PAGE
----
TOPICS > Economy

News Wrap: Upbeat Economic Reports Boost Markets

November 3, 2011 at 12:00 AM EST
In other news Thursday, the markets around the world got a boost from several upbeat economic reports. The Labor Department said first-time jobless claims fell below 400,000, the lowest level in five weeks. Also, Senate Republicans have blocked another piece of President Obama's jobs plan.
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HARI SREENIVASAN: Stocks around the world rose after Greece scrapped plans for a bailout referendum. A surprise interest rate cut by the European Central Bank also helped. And so did the news that first-time claims for unemployment benefits in the U.S. fell below 400,000 last week.

The Dow Jones industrial average gained more than 208 points to close at 12,044. The Nasdaq rose nearly 58 points to close just under 2,698.

Senate Republicans have blocked another piece of the president’s jobs plan. The vote today was on $60 billion to build and repair roads, bridges and rail lines. Democrats said it would create thousands of construction jobs. Republicans opposed paying for it with a tax surcharge on incomes over $1 million. They said it would hit small business owners.

City crews in Oakland, Calif., cleaned up today, after a night of clashes between protesters and police. And organizers of the Occupy Oakland movement disavowed the rioters.

NewsHour correspondent Spencer Michels has our report.

SPENCER MICHELS: The trouble erupted last night when bands of demonstrators threw firebombs and concrete chunks, occupied a building and lit bonfires in the street in downtown Oakland.

Police in riot gear moved in, firing tear gas and arresting dozens of people. Today, protest leaders blamed groups of youths who they said did not represent the larger movement. They said the violence would only fuel criticism of their cause.

In fact, the rioting marred what had been, up until then, a peaceful day of protests, with thousands of people marching without incident.

PABLO PAREDES, protester: Today was amazing. It was beautiful, you know, after the trauma a couple of weeks ago, where the police just took a military-style operation.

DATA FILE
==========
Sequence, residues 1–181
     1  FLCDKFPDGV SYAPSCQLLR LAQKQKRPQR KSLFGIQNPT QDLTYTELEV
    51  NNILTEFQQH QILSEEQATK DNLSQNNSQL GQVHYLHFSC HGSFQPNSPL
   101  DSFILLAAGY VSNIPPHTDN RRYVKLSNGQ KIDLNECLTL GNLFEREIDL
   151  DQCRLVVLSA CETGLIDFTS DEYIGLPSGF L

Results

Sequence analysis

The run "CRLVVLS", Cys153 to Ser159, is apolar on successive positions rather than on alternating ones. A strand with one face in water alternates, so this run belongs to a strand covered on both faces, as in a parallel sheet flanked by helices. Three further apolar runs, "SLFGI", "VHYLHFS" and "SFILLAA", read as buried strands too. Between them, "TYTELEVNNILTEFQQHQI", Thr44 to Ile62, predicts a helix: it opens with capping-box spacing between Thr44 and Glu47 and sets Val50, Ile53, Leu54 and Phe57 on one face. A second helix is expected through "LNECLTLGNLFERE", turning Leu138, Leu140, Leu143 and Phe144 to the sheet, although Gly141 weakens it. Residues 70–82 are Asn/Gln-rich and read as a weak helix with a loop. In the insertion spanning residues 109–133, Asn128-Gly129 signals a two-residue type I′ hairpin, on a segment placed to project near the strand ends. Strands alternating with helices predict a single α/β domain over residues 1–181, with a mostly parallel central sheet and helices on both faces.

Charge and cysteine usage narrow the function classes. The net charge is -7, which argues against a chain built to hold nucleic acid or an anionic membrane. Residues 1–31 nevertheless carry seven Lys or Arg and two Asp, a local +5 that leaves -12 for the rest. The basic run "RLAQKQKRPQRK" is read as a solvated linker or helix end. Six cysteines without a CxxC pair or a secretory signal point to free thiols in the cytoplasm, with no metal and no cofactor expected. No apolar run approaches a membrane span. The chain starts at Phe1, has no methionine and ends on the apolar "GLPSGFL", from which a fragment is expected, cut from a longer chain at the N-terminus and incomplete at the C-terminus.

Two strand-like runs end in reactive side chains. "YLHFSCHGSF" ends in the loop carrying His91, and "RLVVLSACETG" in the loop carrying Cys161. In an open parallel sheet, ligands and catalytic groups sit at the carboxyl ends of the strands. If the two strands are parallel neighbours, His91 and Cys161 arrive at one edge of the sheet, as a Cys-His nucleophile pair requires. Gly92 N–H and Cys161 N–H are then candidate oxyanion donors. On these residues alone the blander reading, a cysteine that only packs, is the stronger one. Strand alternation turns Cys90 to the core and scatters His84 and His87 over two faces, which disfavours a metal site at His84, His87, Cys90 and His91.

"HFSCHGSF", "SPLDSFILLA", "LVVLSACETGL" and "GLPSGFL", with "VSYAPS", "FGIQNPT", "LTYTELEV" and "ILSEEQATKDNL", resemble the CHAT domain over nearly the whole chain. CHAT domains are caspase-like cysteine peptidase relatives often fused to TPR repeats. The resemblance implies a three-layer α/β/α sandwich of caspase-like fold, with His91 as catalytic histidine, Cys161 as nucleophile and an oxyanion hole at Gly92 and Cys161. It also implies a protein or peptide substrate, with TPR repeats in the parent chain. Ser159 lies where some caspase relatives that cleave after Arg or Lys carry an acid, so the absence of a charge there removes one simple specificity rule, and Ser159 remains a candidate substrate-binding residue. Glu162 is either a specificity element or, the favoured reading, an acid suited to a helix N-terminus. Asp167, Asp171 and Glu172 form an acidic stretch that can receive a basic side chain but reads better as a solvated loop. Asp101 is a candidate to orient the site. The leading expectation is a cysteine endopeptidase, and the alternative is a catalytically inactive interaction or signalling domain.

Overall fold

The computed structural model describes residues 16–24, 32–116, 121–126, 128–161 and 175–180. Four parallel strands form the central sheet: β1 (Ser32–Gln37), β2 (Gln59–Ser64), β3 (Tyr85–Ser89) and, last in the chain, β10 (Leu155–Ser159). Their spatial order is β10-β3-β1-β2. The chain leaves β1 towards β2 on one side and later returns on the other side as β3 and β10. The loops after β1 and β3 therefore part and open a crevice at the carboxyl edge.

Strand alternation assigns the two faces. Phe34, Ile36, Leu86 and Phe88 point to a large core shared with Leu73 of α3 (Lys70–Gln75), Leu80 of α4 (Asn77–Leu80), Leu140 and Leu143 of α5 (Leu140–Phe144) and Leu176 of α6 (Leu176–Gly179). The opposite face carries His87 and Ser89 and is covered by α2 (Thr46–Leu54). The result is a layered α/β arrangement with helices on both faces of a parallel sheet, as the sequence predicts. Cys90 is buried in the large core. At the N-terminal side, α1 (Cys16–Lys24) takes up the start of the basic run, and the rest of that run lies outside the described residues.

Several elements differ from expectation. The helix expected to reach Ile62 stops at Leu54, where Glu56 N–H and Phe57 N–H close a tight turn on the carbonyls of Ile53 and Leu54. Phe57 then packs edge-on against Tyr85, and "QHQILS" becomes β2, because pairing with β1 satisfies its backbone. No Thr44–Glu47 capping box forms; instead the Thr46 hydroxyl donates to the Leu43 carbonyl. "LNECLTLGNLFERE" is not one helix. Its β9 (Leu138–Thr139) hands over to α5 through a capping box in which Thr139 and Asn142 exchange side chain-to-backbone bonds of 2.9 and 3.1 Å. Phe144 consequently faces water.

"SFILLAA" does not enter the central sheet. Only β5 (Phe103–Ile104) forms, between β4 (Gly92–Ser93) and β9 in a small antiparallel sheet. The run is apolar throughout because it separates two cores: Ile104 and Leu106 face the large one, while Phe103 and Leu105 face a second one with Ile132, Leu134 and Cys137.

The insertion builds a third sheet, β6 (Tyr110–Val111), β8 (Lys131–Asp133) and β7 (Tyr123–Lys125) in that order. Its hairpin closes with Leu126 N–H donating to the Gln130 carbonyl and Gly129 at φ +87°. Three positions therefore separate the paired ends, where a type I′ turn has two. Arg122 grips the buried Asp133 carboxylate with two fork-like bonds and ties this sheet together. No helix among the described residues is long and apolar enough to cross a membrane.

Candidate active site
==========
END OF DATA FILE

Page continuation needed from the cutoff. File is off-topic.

SPENCER MICHELS: The protests and general strike also stalled maritime activity, as thousands of demonstrators swarmed the Port of Oakland, climbing trucks and scaling a metal structure in the port’s rail yard.

Organizers said it was an attempt to stop the flow of capital. The port stopped functioning, and some truck drivers trying to use the port had mixed feelings.

STEPHANIE MILLER, Oakland, Calif.: You know, I don’t know a whole lot about it. I’m just trying to make a living. I’m supporting whatever they’re doing, I guess, because they’re for America, right? They’re for the working people.

SPENCER MICHELS: Meanwhile, a new rally took place in Washington, D.C., today. Protesters gathered outside the Treasury Department and urged Treasury Secretary Timothy Geithner to support international efforts for a tax on big banks to aid poor nations. And, in New York, 78 Occupy Wall Street protesters who were arrested in September had their first court appearance in Manhattan.

Meanwhile, in Oakland, demonstrators vowed to continue their occupation, though they gave no indication of how long they will be there.

HARI SREENIVASAN: Operations at the Port of Oakland returned to normal today.

Cyber-attacks by China and Russia have stolen huge amounts of U.S. high-tech research data to fuel economic growth. The Associated Press reported that finding today by U.S. intelligence agencies. The study warned the cyber-attacks now pose a persistent threat to U.S. economic security. U.S. officials have complained for years about cyber-attacks by China. The new findings mark some of the sharpest, most direct criticism yet.

In Syria, activists reported tanks fired on demonstrators today, killing at least 12. It happened in the city of Homs, one day after the government accepted an Arab League plan to end the bloodshed. The plan calls for the regime to withdraw its tanks from cities, stop all of the violence against protesters, and set political prisoners free.

Cubans will soon be able to buy and sell their own property legally. It is the first time that has been allowed since Fidel Castro came to power in 1959.

With today’s announcement, makeshift signs on cardboard and cloth banners began popping up across Havana. The new law officially takes effect on Nov. 10. Cuban citizens living in Cuba and permanent residents from other countries will be allowed to own one home in the city and another in the country. Cuban exiles are barred from taking part.

The level of greenhouses gases emitted in 2010 jumped by the biggest amount on record, up 6 percent from the year before. A new report by the U.S. Department of Energy found emissions were worse than the worst-case scenarios outlined just four years ago. Pollution from the United States and China accounted for more than half the increases, and greater manufacturing around the world and travel also were contributors.

Those are some of the day’s major stories.